Merry Christmas and Happy New Year from Visions of Azerbaijan!
The whole country is decked out for the holidays right now, with glowing lights and Christmas trees in all the stores and parks. My first time in Azerbaijan was around this time of year, and I was surprised to see that the holiday festivities so closely resembled those I was used to in the U.S. I started to wonder how it was that these lighted trees, which I associated with a Christian holiday, were everywhere in Azerbaijan in connection with a secular New Year’s celebration, so I turned to history to find out.
It turns out that there are various cultures around the world who used evergreens in their winter celebrations as a symbol of life during the dead months of winter. There are competing versions as to when this tradition first appeared in connection with Christmas. One story has a Christian missionary in the 3rd century interrupting a child sacrifice to pagan gods at a great oak tree and then encouraging people to look at the pine tree, which pointed to God in heaven, who did not want them to sacrifice their children.
In the neighboring Republic of Georgia, Christmas is celebrated with a chichilaki, a bundle of dried hazelnut or walnut branches in the shape of a pine tree that was decorated with fruit to represent the tree of life. This tradition was banned under Soviet rule, and there is no indication that it was ever adopted in Azerbaijan.
In the early 1500s, there are some recorded incidents of evergreens being used as symbols of Christmas in Latvia. Also, the Church at the time celebrated Adam and Eve Day on the 24th of December and often put on plays with trees representing the tree in the Garden of Eden. This practice was later banned, and people began setting up their own “Paradise Trees” in their homes, which often had cookies hung from them.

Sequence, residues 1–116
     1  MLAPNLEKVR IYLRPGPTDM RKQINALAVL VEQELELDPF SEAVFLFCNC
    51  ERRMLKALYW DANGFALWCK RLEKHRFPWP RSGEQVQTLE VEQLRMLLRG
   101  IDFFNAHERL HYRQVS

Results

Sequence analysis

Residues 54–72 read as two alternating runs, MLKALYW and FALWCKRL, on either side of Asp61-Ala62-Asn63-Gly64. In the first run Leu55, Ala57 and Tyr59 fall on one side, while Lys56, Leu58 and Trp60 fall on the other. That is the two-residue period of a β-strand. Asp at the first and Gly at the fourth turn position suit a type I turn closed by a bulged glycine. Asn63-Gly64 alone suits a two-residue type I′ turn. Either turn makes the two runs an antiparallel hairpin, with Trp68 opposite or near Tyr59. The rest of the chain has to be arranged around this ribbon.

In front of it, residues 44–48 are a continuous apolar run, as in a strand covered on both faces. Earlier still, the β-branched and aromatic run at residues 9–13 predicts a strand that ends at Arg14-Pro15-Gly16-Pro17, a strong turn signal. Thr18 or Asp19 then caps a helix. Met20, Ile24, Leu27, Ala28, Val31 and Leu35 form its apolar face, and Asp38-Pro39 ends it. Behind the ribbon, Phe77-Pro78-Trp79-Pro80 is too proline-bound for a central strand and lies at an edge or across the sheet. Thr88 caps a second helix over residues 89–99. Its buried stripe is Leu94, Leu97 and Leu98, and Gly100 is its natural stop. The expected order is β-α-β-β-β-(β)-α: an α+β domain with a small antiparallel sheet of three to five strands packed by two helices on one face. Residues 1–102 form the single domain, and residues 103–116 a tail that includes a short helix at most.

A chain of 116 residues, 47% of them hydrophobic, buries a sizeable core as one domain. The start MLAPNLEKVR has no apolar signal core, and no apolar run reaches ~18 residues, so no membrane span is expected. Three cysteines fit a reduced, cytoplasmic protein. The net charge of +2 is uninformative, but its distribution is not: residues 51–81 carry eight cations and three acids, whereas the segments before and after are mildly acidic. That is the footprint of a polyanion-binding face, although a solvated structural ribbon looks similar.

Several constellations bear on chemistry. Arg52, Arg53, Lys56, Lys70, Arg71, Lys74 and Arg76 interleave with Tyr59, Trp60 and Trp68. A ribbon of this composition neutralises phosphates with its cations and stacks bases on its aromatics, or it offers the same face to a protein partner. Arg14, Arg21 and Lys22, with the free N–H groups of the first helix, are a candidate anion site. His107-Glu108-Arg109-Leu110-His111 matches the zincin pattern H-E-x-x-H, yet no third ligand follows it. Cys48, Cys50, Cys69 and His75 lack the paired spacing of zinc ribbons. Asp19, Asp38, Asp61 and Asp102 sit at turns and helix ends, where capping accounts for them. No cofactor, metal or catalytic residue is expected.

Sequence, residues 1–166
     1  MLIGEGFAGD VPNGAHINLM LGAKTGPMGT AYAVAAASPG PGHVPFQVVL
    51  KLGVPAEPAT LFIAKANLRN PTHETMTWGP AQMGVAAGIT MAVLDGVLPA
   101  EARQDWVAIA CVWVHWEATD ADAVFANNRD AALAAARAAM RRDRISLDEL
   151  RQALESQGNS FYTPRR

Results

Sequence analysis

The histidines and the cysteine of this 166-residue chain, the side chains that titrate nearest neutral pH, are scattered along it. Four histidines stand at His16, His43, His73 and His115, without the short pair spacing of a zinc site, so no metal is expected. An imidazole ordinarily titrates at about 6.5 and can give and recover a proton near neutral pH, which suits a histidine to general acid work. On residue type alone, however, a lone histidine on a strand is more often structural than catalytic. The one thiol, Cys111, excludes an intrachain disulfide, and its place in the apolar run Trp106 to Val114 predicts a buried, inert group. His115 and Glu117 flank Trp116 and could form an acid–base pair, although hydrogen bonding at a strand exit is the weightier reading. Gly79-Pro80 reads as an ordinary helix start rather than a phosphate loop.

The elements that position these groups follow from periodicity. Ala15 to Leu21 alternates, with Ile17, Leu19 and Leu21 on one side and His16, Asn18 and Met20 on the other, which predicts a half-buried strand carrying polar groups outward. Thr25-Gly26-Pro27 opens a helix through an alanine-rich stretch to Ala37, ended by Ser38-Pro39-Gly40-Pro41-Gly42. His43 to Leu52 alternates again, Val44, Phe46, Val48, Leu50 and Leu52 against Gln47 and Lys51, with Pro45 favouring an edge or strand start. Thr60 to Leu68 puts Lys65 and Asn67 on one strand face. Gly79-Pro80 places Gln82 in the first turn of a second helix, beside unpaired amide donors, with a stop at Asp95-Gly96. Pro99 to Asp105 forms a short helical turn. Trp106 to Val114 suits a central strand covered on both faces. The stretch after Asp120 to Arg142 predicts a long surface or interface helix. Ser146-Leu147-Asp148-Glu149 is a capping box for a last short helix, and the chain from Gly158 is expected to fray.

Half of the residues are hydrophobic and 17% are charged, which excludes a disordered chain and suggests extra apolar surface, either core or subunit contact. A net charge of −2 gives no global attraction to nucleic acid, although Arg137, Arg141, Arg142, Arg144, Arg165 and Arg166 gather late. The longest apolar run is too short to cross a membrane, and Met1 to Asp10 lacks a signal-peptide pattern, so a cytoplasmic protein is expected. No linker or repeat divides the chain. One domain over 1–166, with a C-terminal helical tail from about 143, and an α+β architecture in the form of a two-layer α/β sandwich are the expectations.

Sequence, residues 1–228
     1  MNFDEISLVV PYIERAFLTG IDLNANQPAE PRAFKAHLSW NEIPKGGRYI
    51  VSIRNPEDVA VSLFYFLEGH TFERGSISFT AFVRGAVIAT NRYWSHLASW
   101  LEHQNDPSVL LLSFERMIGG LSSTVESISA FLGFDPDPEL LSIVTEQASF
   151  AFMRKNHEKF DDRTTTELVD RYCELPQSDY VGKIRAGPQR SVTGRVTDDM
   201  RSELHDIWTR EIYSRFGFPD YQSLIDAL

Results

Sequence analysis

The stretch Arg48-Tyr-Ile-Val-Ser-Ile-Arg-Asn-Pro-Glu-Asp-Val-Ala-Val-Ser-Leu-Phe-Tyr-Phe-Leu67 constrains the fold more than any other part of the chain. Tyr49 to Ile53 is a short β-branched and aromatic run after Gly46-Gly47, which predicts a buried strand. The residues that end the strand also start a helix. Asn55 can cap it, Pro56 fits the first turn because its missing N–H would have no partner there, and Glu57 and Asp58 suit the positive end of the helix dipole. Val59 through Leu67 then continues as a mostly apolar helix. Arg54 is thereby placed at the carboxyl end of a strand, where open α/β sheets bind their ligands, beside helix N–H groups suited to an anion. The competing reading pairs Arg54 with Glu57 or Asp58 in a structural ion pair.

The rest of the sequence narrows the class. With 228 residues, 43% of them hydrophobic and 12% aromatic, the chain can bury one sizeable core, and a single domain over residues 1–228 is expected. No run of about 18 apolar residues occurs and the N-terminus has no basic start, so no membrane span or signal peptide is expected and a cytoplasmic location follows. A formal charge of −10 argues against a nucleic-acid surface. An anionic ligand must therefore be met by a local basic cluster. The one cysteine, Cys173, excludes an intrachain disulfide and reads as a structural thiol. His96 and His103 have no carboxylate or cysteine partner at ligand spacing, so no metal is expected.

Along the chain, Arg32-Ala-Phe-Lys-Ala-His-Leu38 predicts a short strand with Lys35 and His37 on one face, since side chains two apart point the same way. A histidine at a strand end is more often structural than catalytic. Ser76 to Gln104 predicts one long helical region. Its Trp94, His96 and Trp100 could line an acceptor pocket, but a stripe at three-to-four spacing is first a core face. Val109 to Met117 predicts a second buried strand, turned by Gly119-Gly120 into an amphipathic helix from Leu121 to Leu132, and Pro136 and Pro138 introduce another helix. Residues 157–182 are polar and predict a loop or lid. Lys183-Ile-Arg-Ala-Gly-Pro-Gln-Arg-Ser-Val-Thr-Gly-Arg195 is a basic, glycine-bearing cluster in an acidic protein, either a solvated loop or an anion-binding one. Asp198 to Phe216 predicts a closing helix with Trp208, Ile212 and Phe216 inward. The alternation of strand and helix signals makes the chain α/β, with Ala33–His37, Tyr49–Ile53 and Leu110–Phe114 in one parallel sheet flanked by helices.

There is then the legend that Martin Luther, the founder of the German Lutheran church, was walking through the snowy woods around Christmas time planning a sermon and was struck by the beauty of the stars shining through the evergreen branches, so he brought a tree home and decorated it with candles to try to recapture this image for his family. This supposedly became the first time that lights were put on the trees.
Soon, lighted evergreen trees became a German Protestant Christmas tradition, and began spreading to other areas under German influence. It is entirely possible that the first Christmas trees in Azerbaijan came with a wave of German settlers in the 1800s. Even so, it did not become a major local tradition.
About the same time that German settlers were moving to Azerbaijan, German Christmas trees were making their way into Russian tradition through the family of Tsar Nicholas I. His wife, who admired this German custom, defied a Russian belief that pine trees symbolized death, and brought one into the royal palace to celebrate Christmas and give gifts to both royal and poverty-stricken children. From there, it trickled down into Russian society, as did a number of more western Christmas traditions.
By the early 1900s, the Christmas tree was fairly established in Russia, but when the Communists came to power, they did their best to abolish Christmas and all its symbols. In the mid-1930s, however, Stalin suddenly had a change of heart. His government brought the symbols back, this time in association with New Year's.
Over the course of the next several decades, these New Year’s celebrations became standard throughout the Soviet Union, and these formerly German Christian holiday symbols took root in traditionally Muslim republics such as Azerbaijan. Today in Azerbaijan, people of all faith backgrounds and nationalities rally around these lighted evergreen trees to celebrate life, love, and future hope during the cold darkness of winter.
Wherever you call home, and whatever tradition you come from, we hope that if you find yourself in Azerbaijan over the holidays, these familiar sights will bring you comfort and joy. May 2019 be a year of hope and love and find you warm and full and surrounded by those you hold dear.